Rachel Marsden

Russian's non-Putin President Dmitry Medvedev (a.k.a. President Placeholder) met with a group of small businessmen in Moscow over the summer to discuss their challenges. One can only imagine where to start. So Medvedev, according to state news agency RIA Novosti, offered some direction: "The youth believe that (the civil service) is an example of how to be successful quickly without the need to apply any effort." He suggested that a bureaucratic career could lead to the kind of corrupt mentality that would lead to kids looking to score a quick and easy ruble.

"And this is not because I dislike civil servants," Medvedev added. "On the contrary, their work is helpful for any state. Is this a prestigious profession? Not really. Is it well-paid? Well, (it pays) very badly."

What does Medvedev think he's doing? Having the populace employed by the state has traditionally been an effective way for Communist governments to secure their control over a people. Granted, driving kids away from the civil service toward the private sector within a Communist structure only shifts government expenditures from one pocket to the other. The Russian government still owns the large private companies. So then, what's the difference? Why is Medvedev bothering to symbolically make this distinction in denouncing the federal bureaucracy? The answer to this question is highly instructive to those of us in the Western world, particularly as we implode economically under the weight of public-sector costs, among other things.

Even in a Communist system, there is a difference between a civil-service payroll and a state-owned-business payroll. That difference is productivity. The Russian civil service and desk-jockey brigade aren't selling or exporting anything. The public sector isn't creating any value or wealth. By contrast, Russian state-owned businesses are producing things and selling them in the international marketplace. Kremlin-funded oligarchs are tasked with investing the profits derived from the riches of these companies in various Western interests, thereby profiting from our capitalist system. In essence, if you look at it this way, Western capitalism drives the Russian economy, and productive wealth-creation is not accomplished by public-sector bureaucrats. Even in a Communist state, they have figured out which pocket constantly needs replenishing by the other. The more workers they can have creating wealth, the better off they'll all be.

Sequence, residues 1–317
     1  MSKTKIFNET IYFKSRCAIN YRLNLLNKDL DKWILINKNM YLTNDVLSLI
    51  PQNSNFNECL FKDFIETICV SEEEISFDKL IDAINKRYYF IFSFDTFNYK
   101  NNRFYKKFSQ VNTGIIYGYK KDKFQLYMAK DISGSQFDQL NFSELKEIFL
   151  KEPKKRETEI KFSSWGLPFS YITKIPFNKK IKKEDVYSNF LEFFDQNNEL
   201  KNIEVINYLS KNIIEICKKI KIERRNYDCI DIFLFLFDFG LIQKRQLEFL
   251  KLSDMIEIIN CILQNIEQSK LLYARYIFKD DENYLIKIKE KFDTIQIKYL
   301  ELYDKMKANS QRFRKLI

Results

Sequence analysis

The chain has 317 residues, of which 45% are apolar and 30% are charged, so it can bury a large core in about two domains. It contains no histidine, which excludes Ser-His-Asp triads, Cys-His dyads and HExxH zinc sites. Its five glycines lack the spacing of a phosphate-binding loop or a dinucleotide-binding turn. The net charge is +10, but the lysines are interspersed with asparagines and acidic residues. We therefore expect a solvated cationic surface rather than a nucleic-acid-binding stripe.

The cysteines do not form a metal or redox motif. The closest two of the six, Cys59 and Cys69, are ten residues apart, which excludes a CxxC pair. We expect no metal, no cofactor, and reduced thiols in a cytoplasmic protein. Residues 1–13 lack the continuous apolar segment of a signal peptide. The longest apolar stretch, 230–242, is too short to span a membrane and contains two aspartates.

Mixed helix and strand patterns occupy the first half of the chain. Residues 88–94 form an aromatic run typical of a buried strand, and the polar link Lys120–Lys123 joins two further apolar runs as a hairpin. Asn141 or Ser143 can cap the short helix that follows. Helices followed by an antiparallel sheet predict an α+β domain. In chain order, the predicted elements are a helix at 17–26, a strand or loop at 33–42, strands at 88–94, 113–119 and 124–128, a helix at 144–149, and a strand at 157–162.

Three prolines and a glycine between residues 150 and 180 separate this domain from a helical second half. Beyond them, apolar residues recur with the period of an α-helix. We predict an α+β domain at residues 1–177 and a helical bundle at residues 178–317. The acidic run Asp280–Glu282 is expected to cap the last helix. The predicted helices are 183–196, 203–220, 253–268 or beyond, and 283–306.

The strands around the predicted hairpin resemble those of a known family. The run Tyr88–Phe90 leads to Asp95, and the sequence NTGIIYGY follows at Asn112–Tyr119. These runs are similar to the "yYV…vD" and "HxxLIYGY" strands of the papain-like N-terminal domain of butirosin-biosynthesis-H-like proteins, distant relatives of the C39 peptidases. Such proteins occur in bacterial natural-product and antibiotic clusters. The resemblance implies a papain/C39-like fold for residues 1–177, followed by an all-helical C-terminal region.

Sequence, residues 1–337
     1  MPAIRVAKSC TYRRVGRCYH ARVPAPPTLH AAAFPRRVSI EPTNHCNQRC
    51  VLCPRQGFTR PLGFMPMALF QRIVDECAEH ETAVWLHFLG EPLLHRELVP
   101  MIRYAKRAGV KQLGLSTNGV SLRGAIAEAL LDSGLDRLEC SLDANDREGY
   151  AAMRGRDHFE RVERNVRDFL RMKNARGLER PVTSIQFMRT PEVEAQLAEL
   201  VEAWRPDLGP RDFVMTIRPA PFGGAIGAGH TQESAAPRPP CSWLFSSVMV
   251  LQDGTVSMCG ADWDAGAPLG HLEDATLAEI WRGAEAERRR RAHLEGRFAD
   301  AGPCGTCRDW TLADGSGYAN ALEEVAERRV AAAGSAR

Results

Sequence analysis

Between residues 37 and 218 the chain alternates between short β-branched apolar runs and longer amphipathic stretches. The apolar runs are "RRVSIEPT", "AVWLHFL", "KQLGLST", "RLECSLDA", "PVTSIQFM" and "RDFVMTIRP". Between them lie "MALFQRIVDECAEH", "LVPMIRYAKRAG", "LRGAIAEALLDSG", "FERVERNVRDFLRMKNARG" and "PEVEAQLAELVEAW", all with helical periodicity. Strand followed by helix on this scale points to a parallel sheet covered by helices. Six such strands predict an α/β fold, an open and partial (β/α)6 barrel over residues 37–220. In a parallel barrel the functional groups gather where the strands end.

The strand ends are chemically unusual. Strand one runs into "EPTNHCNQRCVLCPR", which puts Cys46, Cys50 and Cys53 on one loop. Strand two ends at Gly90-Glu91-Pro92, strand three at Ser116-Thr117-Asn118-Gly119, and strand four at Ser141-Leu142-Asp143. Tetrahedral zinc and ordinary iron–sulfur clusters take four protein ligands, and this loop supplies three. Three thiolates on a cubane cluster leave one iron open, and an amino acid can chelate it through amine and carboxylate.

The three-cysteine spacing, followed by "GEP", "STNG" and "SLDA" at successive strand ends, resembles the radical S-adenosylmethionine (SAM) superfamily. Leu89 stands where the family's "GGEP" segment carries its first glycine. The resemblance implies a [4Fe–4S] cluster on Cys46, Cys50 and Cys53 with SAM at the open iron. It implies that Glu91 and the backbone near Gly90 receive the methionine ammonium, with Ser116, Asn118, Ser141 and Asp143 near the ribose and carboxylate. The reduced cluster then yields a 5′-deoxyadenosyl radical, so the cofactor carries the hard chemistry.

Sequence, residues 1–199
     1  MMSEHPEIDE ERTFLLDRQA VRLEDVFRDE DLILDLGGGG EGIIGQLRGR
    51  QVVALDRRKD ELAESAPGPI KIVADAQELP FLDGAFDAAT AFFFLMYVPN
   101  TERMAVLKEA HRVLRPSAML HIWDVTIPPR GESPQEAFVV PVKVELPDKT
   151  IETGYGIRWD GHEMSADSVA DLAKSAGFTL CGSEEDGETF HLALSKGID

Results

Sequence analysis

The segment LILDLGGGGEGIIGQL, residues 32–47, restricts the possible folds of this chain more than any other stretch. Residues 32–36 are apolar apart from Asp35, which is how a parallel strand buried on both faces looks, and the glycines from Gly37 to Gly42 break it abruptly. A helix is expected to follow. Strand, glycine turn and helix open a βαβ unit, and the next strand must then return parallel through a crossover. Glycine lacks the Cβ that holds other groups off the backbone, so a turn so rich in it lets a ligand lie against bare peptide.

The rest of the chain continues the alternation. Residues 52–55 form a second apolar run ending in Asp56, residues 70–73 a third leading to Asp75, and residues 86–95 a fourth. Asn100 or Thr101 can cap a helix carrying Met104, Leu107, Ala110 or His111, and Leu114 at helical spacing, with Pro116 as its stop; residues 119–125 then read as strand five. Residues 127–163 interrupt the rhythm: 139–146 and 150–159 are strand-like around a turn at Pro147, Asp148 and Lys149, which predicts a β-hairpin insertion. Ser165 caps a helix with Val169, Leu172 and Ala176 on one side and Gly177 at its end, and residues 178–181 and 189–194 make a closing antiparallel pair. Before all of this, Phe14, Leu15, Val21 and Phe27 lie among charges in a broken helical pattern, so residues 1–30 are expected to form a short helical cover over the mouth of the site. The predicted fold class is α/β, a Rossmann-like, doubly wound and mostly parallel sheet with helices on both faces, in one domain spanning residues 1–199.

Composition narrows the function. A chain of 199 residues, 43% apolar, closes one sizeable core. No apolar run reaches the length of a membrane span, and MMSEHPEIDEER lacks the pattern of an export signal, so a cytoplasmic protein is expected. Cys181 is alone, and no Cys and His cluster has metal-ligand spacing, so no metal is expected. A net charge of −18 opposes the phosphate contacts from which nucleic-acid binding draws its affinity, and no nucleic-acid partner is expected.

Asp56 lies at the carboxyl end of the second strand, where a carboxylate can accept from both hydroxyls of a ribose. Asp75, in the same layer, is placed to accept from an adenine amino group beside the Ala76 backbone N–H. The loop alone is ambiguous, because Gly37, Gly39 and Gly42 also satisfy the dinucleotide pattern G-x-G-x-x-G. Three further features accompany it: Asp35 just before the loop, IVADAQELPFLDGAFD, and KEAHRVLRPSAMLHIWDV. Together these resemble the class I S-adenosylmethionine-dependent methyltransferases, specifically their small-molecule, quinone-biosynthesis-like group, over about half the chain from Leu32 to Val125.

Compare Medvedev's drive to reduce civil-service bureaucracy with President Barack Obama's efforts. Last December, for example, he signed a bill to increase civil-service telework. In order to ensure that the federal government wouldn't lose any more great talents to private-sector wealth creation and gross domestic product augmentation efforts, he colluded with fellow Democrats to find a way to let bureaucrats "work" from home in their favorite jammies and from the comfort of their favorite Posturepedic mattress. Working from home is one of those things that you only really ought to be doing if you're driven by survival. No one with a comfortable, reliable salary and without the constant pressure of having to deliver results should ever be allowed to work from bed -- and that especially means civil servants.

Even the legislators knew where this law was headed before they passed it, prohibiting telework when "the employee has been officially disciplined ... for viewing, downloading or exchanging pornography, including child pornography, on a Federal Government computer or while performing official Federal Government duties."

And while Russia is trying to steer the most talented kids away from a career in government bureaucracy and toward something more productive, Democrats are doing the exact opposite in America. When the Telework Enhancement Act was passed, House Oversight and Government Reform Committee Chairman Ed Towns (D.-N.Y.), said, "It promotes a healthy work-life balance for federal employees, and will help the government recruit the best and brightest into the civil service."

At what point did America and Russia switch brains?


Rachel Marsden

Rachel Marsden is a columnist with Human Events Magazine, and Editor-In-Chief of GrandCentralPolitical News Syndicate.
 
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